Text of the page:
There a couple of confusing things about immunization coding as it relates to medical billing. First, there are different codes for the vaccine and the administration. That’s because some vaccines are provided by states for children, and the physician is paid only for the administration. Second, Medicare was not initially developed to provide preventive care, so it did not cover vaccines for many years. More recently, it began paying for a few preventive services such as flu shots, but it developed a separate set of codes.
Here are the correct codes to bill Medicare for immunizations today:
- 90460 – Immunization administration through 18 years of age via any route of administration, with counseling by physician or other qualified health care professional; first or only component
- 90461 – Immunization administration through 18 years of age via any route of administration, with counseling by physician or other qualified health care professional; each additional vaccine or toxoid component administered
The above immunization codes have specific criteria as to the circumstances when they can be used for billing. It also requires a face-to-face service where providers counsel patients directly. 90460 is used for the primary component while the add-on code 90461 is used for each additional one.
- 90471 – Immunization administration
- 90472 – Immunization administration
- 90473 – Immunization administration by intranasal or oral route; one vaccine
- 90474 – Immunization administration by intranasal or oral route; each additional vaccine
The above immunization codes are for administrations in the absence of direct patient counseling.
1. For Medicare patients, use separate reporting guidelines and a different code set (G-codes). For example, G0008 – influenza, G0009 pneumococcal, G0010 – Hepatitis B
2. The route of the vaccine administration determines the right code. Although most are given as injections, there are a few intranasal and oral vaccines.
3. If giving multiple injections on a given day, one is reported as the initial administration with the appropriate code, and the others are classified as add-on codes.
4. Influenza, pneumonia, hepatitis B and flu H1N1 must be reported using G codes for all Medicare patients.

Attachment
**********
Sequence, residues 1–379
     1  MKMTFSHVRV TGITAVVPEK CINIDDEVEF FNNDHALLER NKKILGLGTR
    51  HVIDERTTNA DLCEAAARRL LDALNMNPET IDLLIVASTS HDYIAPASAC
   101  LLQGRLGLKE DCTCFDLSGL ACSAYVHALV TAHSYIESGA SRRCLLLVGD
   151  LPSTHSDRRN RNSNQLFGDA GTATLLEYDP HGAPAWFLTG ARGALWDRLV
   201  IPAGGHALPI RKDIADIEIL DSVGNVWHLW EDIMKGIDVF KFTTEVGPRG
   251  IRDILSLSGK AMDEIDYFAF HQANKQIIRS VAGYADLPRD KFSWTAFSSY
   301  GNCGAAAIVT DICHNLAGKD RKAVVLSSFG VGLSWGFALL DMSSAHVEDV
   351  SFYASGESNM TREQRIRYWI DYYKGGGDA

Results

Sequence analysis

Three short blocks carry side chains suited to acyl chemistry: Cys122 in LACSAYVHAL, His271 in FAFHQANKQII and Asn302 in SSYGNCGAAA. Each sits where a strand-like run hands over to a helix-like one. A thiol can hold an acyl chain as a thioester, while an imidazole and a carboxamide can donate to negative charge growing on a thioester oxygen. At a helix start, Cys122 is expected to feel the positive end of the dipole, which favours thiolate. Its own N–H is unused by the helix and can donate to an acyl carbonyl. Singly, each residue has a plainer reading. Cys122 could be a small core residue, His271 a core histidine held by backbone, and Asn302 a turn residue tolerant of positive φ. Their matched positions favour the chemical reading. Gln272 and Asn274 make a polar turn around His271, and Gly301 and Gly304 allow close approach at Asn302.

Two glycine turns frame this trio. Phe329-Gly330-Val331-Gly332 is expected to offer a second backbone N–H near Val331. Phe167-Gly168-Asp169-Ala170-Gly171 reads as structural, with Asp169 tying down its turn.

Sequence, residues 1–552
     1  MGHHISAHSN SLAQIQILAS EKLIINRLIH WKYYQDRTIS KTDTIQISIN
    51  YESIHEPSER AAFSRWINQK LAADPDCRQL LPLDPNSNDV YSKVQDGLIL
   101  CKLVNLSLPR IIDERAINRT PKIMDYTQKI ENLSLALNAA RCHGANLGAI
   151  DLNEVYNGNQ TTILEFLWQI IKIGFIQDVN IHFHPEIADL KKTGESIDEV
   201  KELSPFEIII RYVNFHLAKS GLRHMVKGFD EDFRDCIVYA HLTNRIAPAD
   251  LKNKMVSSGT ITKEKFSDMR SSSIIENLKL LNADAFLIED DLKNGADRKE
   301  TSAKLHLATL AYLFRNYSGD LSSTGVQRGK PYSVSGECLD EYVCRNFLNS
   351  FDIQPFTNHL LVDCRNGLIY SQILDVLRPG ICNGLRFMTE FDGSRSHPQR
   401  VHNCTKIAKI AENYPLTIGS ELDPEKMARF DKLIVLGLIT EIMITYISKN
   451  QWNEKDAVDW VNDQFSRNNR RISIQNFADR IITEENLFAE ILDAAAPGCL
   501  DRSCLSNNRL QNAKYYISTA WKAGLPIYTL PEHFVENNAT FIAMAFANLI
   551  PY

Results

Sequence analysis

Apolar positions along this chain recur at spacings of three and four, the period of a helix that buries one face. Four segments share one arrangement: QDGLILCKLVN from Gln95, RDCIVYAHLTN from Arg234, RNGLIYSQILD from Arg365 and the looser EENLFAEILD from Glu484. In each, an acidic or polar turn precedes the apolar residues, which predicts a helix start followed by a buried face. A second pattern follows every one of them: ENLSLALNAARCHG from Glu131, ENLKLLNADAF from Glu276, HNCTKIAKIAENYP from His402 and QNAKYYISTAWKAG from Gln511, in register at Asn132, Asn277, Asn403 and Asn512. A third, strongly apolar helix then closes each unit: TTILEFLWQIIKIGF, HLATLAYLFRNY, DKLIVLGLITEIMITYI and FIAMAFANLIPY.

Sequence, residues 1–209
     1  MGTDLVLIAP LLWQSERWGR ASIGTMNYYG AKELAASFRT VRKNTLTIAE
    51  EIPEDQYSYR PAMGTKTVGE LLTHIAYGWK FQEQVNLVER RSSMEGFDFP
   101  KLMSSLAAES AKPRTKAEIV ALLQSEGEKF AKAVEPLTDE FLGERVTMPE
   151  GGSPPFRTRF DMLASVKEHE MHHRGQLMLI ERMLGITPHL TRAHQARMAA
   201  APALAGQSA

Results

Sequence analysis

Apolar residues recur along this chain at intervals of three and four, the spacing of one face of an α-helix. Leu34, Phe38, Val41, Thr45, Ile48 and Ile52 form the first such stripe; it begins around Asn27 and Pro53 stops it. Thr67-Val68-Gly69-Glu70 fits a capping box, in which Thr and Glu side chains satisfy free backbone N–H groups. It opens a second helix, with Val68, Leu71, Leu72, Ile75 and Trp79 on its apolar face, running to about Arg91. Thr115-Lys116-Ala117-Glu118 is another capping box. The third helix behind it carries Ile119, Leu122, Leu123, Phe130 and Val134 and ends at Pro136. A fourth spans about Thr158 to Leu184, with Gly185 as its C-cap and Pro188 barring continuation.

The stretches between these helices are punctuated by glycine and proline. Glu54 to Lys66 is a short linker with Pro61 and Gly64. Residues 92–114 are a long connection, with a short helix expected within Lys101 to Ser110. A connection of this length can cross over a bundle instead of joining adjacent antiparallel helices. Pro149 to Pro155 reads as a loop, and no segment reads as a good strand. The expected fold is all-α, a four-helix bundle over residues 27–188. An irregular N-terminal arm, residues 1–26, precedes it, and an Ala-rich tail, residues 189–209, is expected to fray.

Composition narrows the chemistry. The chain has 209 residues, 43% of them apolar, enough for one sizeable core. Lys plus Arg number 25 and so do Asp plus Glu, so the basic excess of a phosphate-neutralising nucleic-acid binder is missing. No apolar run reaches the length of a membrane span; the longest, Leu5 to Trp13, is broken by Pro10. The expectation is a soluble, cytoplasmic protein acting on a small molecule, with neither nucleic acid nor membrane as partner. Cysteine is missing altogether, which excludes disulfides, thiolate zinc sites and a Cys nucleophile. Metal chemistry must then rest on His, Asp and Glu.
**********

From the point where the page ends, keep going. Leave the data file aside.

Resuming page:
5. Medicare does cover immunizations that are directly related to an injury or exposure to a disease (i.e., tetanus, antivenin, immune globulin, and anti-rabies).
Tetanus shots that do not contain pertussis (whooping cough) are covered by (Medical Insurance) when you have been injured or directly exposed to material with tetanus
Who is Eligible?
All people with Medicare Part B are covered.
Your Costs in Original Medicare
If you get the shot from a doctor who does not accept assignment, you may have to pay an additional fee for the doctor’s services, but not for the shot itself. If you get the shot in a in a hospital outpatient setting, you pay a copayment.
Interestingly, unlike many codes, vaccinations do not get more complicated in ICD-10. Code Z23 is used to indicate any encounter for a vaccination. The procedure codes are used to identify the type of the immunization given and how it was administered. All Z codes must be accompanied by a corresponding procedure code.
Note that the guidelines state that Z23 can be used as a secondary code for patient visits that include an inoculation. Example:
Flu Shot as of Oct 2014 -ICD-10-CM: Z23 – Encounter for immunization
• ICD-10-CM code Z23: One comprehensive diagnosis code for any encounter for inoculations and vaccinations
• Code Z23 is for encounters for inoculations and vaccinations
• It means patient is being seen to receive a prophylactic inoculation against a disease
• Code Z23 may be used as a secondary code if the inoculation is given as a routine part of preventive health care, such as a well-baby visit
• Must also report procedure code to identify the types of immunizations given